Guide to the Learning Plan

The Learning Plan describes the forms of documentation you will submit for evaluation and is, in essence, your Applied Studies disciplinary credit course proposal/learning contract. It must be literate and appealing. Pay attention to language usage, sentence structure, style and format. Be as brief as possible without sacrificing information vital to your project. The Learning Plan has five parts, be sure to complete all parts.

Part I: Description of Field Experience

Part II: Pre-Experience Preparation & Qualifications

Part III: Description of Goals & Objectives

Part IV: Project Proposal & Bibliography

Part V: Statement of Resources


Part I

Description of Field Experience

1. Position Title
2. Duties/Responsibilties
3. Location
4. Duration


Part II
Pre-Experience Preparation & Qualifications

In this section, outline your previous experience, both employment and academic, which is related to the project you wish to undertake, and which will help you in the completion of that project.

1. Courses

  • ZOOL 2000: Structure and Function in the Animal Kingdom -- this course provided an introduction to the diversity of life and a background to the organisms which will be the focus of this Applied Studies, namely insects and bacteria.
  • CPSC 1000: Introduction to Computer Science -- provided the background information on the use of computers. Although the class did not teach me how to use the specific programs that I am working with in my Applied Studies placement, it did provide useful general knowledge.
  • PSYC 3010: Introduction to Statistics in Psychological Research -- this class focussed on an introduction to statistics. I will be required to utilize this information to interpret and analyze the data collected during my research placement.
  • SOCI 3850: Sociology of Law -- I am currently taking this course and its material is augmenting my knowledge of Canadian law and the court systems. The material presented in this course will prove very valuable while I am working at the Correctional Centre.

2. Previous Employment and Volunteer Experience -- A brief title and job description with dates indicating when the job/volunteerism occurred; indicate how pervious work experience will assist you in your project. top


Part III
Description of Goals and Objectives

In this section you are to set forth what you wish to learn. Some learning objectives may relate directly to the job, and others will relate indirectly. You are expected to create between three and five learning objectives.

Your learning objective must have two parts:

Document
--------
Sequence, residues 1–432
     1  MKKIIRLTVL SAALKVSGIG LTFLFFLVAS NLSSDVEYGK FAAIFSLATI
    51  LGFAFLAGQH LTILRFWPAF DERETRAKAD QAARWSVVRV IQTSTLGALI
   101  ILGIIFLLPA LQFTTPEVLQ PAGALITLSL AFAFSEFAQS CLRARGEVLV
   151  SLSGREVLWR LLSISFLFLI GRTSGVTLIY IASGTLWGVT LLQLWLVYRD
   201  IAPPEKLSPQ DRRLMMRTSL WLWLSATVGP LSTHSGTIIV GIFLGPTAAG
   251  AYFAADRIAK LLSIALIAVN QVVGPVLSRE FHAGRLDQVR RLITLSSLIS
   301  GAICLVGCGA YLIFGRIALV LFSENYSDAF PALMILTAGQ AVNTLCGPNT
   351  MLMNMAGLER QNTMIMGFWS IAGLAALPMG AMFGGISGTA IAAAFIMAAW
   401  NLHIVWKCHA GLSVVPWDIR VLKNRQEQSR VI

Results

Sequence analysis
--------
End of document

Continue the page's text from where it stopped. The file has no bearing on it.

A. What you will learn.
B. How you will learn it.

Learning Objectives may be of several sorts:

  • Comprehensive Objectives: e.g., To increase my understanding of mental retardation.
  • Problem-Solving Objectives: e.g., To develop recommendations for ways to reduce school dropouts.
  • Creative Objectives: e.g., To create assessment procedures for identifying gifted students.
  • Personal Ability Objectives: e.g., To increase my ability as a storyteller.

Examples:

Sample #1

Placement: Assistant to the Forensic Psychologist, Lethbridge Correctional Centre

Objective #1:
To increase my understanding of the basic structure and organization of a Provincial Correction Centre.
Activities:

  • By working directly within the L.C.C. alongside the individuals who work there and run the institution.
  • By reading literature about other Provincial Correction Centres in Canada.
  • By shadowing my supervisor and assisting him with his daily routine as the Forensic Psychologist.

Objective #2:
To increase my understanding of the types of crimes committed by both the male and female inmates in Provincial Correction Centres.
Activities:

  • By reading relevant literature with focus on types of crimes and reasons for committing them.
  • By working directly with both male and female inmates at the L.C.C. in a one-on-one setting.
  • By assisting with the assessments and counselling sessions for male and female inmates.

Objective #3:
To increase and develop my ability and understanding of how to format and perform an assessment and counselling session for an inmate.
Activities:

  • By working directly with the Forensic Psychologist and assisting him with the assessments and counselling.
  • By engaging in different role plays using different scenarios.
  • By reading relevant literature on interviewing skills particularly from the perspective of working with and assessing criminals.

Objective #4:
To understand the types of punishments inmates are sentenced as a result of criminal activity.
Activities:

  • By meeting with inmates and discussing their crimes and punishment.
  • By applying theory learned in SOCI 3850 Sociology of Law I will learn more about Canadian laws and methods by which they are enforced. top

Sample #2

Placement: Research Asst., Agriculture Canada

Objective #1:
To learn more about the techniques and procedures used in the laboratory setting and relating to entomology.
Activities:

  • By working in the lab with my supervisor and his technicians.